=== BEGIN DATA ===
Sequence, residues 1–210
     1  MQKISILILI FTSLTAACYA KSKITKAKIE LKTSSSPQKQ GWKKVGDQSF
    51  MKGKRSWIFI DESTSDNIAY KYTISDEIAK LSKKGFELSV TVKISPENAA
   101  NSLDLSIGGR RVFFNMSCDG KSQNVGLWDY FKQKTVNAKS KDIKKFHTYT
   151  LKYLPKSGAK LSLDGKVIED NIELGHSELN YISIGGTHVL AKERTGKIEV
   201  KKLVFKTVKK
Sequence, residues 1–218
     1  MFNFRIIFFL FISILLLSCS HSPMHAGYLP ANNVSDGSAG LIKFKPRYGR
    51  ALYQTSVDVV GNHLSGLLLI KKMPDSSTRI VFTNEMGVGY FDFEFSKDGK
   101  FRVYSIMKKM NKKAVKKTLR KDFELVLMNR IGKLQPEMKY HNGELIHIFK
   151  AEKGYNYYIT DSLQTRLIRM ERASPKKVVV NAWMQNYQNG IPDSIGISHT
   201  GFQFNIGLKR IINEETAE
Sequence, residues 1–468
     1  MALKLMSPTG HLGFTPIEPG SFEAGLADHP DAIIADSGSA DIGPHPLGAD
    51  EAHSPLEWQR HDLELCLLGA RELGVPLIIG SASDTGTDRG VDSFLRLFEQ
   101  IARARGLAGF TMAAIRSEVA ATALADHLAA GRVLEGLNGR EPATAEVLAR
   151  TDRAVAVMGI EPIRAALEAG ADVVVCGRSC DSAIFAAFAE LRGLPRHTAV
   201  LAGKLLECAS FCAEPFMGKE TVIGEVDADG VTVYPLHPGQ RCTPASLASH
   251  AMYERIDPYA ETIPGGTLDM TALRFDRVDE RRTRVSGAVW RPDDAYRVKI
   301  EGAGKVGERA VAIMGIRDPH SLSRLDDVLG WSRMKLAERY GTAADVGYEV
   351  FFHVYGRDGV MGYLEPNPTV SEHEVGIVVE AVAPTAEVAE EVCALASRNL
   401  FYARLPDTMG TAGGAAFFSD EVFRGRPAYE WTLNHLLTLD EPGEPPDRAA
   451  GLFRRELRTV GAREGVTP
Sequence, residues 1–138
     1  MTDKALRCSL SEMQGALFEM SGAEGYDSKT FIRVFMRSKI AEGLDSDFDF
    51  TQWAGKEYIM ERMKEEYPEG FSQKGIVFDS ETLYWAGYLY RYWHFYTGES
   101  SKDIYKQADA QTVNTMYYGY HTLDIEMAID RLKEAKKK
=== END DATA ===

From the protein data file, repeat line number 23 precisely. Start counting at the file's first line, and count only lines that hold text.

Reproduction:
   451  GLFRRELRTV GAREGVTP